Pastor Steve’s Full Blog Posts
When you host a feast this Thanksgiving or Christmas, don’t invite your friends or family. They will expect to do the dishes, or to bring something, or invite you back to their place next year. Instead, invite the homeless, the refugees, those in nursing homes, the mentally ill, because the only reward you could expect then would be from God.
And when you go to a feast, don’t boast about all the things you did this last year, your great accomplishments, and don’t expect to be honored. If you insist upon yourself, you will be a boor, and everyone will ignore you and try to interrupt you. Instead, sit in the corner and say nothing. Then your host will note your silence and ask you, “What do you have to be thankful for this year?” and you will be given honor.
Don’t demand respect, or else you will be rejected. Be humble and you will be given greater respect.
The blind man had wept and cried, shouted and mourned, and finally he had Jesus’ attention. Jesus smiled at him and said, “Your faith is great.”
Jesus recognized the poor man and was ready to give him justice, just as the prophecy said. He had done this again and again. He sees and loves and is ready to grant what the poor really need.
I have to admit, if I were there, facing the blind man, I might have said,
“I know a program that would be just right for you.”
“Do you want me to help you get on disability?”
“Let me take you to the church elders and have them pray for you.”
“Let’s take you to a doctor and see what they can do for you.”
But none of these are what Jesus did. Because Jesus knows how to establish justice for the poor. He is the King, ready to grant equity.
He said, “What can I do for you?”
Although he was the King, he didn’t take authority for the man’s life on himself.
Although he knew all things, even men’s heart, he didn’t assume he knew what was best for this poor man.
As Jesus often did, he placed himself below the poor one, and listened.
The man said, “Lord, I want to see.”
And because that was what he wanted, Jesus gave it to him.
Because that’s the kind of king Jesus is.
May we be servants of the poor like Him.
Eugenia has been coming to Redbarn for a few months with her son, Aaron. She is in her sixties and disabled, able to walk slowly only with a walker. They had been staying by a barber shop (with permission) most nights to keep out of the rain. Last month, a policeman approached them and told them they had to vacate the premises, because even with permission they are not allowed to camp. She responded sweetly, because that’s the kind of person she is, but the officer insisted that she was not excluded from the city of Gresham for thirty days. If he found her in Gresham, for any reason, he would arrest her.
She was in contact with all the agencies that might be able to get her housing or help, but the waiting lists are long and there is months before they will get to her.
That evening she came to Redbarn literally shaking. She didn’t think that she could take care of her dogs without a regular place to stay, without Anawim providing support with the day shelter. I told her that the police officer couldn’t legally exclude her from the city. That he didn’t actually give her a ticket, just a threat.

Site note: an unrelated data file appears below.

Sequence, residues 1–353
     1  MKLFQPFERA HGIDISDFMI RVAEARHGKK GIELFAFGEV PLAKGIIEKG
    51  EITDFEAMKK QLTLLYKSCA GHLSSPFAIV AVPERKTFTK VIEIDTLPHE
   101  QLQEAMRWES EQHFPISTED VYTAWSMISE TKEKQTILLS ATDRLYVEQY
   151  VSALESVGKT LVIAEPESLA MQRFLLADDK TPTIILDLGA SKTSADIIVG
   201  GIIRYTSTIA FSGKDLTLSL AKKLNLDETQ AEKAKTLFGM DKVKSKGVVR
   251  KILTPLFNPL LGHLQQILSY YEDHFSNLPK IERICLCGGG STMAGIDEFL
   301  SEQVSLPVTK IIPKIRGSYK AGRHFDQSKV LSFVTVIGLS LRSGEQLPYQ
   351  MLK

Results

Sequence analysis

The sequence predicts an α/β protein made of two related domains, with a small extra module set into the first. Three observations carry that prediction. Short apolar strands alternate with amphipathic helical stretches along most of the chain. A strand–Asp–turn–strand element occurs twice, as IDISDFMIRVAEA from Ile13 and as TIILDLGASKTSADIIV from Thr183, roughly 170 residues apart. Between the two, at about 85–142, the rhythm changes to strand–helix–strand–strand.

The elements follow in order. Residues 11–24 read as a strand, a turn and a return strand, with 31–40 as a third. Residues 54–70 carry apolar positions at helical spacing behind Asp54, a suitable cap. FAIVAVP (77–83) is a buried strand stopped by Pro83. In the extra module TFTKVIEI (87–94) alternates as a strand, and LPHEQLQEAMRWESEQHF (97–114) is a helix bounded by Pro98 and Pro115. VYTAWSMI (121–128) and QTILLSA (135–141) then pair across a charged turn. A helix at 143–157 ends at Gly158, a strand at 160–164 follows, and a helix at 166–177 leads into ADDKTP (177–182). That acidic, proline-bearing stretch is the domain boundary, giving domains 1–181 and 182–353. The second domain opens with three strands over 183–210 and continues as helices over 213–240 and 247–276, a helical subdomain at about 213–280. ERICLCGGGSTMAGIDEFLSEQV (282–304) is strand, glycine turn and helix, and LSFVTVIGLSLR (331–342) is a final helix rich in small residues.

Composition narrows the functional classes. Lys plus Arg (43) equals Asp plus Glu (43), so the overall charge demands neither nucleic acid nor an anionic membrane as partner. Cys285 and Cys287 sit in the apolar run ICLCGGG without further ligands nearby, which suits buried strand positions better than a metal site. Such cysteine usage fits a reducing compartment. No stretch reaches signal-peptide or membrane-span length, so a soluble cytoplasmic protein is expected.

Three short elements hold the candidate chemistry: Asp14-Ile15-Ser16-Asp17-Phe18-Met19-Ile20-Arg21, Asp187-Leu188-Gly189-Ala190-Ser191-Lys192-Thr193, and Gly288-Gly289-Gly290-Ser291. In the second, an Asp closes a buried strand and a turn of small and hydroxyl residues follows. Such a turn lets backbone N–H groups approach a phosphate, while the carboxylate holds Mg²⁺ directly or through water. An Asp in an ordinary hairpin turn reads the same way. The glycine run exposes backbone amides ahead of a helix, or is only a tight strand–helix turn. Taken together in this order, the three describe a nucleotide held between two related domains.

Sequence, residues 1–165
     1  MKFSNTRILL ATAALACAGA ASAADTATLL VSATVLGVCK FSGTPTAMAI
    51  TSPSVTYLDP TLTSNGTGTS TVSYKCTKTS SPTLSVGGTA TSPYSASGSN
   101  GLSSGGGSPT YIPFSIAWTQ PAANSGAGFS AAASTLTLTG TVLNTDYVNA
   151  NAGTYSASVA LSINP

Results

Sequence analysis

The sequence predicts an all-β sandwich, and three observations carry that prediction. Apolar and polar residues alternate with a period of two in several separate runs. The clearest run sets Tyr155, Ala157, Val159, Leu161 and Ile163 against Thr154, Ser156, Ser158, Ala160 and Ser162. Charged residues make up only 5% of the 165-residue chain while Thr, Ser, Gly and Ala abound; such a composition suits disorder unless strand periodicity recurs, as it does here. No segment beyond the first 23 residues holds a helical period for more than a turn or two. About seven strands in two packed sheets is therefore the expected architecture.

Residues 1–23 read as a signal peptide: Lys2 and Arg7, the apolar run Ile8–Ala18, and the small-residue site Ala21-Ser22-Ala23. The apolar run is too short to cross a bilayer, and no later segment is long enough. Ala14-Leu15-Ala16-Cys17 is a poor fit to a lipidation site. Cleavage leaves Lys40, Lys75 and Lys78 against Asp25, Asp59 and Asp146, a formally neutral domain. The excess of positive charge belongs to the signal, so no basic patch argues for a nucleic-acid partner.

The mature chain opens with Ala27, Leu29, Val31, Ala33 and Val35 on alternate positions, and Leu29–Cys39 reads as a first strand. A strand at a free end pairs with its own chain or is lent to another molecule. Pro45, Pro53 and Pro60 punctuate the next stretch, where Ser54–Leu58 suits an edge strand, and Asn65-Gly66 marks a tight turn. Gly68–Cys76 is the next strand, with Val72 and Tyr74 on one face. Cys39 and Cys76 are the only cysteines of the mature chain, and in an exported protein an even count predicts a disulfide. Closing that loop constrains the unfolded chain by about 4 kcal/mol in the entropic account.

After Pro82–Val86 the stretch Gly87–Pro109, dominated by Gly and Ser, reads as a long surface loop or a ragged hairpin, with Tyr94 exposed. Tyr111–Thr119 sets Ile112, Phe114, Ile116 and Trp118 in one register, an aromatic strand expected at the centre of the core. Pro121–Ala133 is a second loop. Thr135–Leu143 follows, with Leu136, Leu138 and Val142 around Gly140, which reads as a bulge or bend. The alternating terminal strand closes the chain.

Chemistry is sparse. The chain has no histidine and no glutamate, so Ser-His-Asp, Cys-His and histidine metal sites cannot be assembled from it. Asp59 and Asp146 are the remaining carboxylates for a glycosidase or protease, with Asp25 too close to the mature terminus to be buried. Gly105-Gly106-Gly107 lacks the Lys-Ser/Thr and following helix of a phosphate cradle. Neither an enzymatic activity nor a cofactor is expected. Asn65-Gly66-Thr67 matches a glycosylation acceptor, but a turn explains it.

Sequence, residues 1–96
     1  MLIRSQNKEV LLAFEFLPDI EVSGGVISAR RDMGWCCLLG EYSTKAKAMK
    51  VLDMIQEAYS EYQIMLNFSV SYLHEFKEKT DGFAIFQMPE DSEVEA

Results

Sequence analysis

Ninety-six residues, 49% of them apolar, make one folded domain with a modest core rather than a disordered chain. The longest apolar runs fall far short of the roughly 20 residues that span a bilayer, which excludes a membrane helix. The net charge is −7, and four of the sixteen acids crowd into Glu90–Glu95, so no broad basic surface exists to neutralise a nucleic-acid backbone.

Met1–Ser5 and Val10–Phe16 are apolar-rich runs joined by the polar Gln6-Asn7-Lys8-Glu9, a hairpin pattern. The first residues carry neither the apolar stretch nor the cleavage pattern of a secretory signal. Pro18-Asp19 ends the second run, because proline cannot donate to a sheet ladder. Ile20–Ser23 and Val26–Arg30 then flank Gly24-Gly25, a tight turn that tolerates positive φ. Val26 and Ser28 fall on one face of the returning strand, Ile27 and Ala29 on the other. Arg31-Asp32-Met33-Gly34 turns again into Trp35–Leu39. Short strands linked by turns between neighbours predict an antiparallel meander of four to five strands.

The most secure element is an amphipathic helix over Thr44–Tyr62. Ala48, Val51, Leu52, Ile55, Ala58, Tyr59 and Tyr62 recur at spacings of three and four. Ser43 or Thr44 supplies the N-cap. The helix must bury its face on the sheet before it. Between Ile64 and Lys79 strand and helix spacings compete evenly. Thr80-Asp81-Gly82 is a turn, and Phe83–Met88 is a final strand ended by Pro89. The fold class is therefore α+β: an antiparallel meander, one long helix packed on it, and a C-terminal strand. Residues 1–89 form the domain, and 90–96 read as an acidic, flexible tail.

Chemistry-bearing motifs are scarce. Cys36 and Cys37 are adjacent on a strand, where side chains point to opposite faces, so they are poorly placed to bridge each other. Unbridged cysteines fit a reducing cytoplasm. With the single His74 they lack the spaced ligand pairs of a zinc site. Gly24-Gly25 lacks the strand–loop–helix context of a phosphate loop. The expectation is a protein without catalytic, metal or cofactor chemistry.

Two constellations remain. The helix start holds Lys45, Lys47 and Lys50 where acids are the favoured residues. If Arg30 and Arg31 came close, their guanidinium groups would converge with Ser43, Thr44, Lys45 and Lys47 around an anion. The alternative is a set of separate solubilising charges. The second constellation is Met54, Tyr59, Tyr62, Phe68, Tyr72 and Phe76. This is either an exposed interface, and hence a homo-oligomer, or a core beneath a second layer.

But for the last few weeks, her health deteriorated. She started staying overnight in Portland, and then returning to Gresham during the day, and the extra travel took it out of her. Last Saturday her legs were bloated and she couldn’t keep her eyes open, exhausted. I spoke with her, but she couldn’t focus on the conversation. A couple people noticed her condition and offered to take her to the hospital, but she refused, saying that she would be okay, she just needed to sleep. She left our facility walking slowly, with her son and dogs in tow.
She only made it about a half mile away from Redbarn before she collapsed from her exhaustion and died.
I write this for all the grandmothers who are desperately trying to get off the street, but can’t seem to find a way. I know of a couple that were snatched from death, but just as many who didn’t make it. Disabled people should be gotten off the street. Today.
When the Son of Man comes, and all the holy angels with him, then he will sit on his glorious throne and divide the gentiles before him, as a shepherd separates the sheep from the goats. He shall say to those on his right, “Blessed are you, chosen of my Father, inherit the kingdom prepared for you! For I was hungry and you gave me something to eat; I was thirsty and you gave me something to drink. I was naked and you clothed me. I was a stranger and you invited me into your home. I was sick and you came to me. I was in prison and you visited me. Enter into my rest.” And they shall reply, “Lord, when were you hungry and thirsty and we gave something to you? When were you naked and we clothed you? When were you a stranger and we welcomed you? When were you sick or in prison and we visited you?” The King will say, “In as much as you did it to one of these, my brothers, so you did it to me.”
This is a pretty familiar passage. And we are pretty sure we know what to do with it—give food and clothes and shelter and healing to people. To visit people in prison. The church has been doing these things for centuries, millennia, so we don’t need to learn these lessons, right?
Well, if that’s all we get out if the passage, we still have something to learn. We need to learn that Jesus is a ninja master.
- Jesus is among us, now.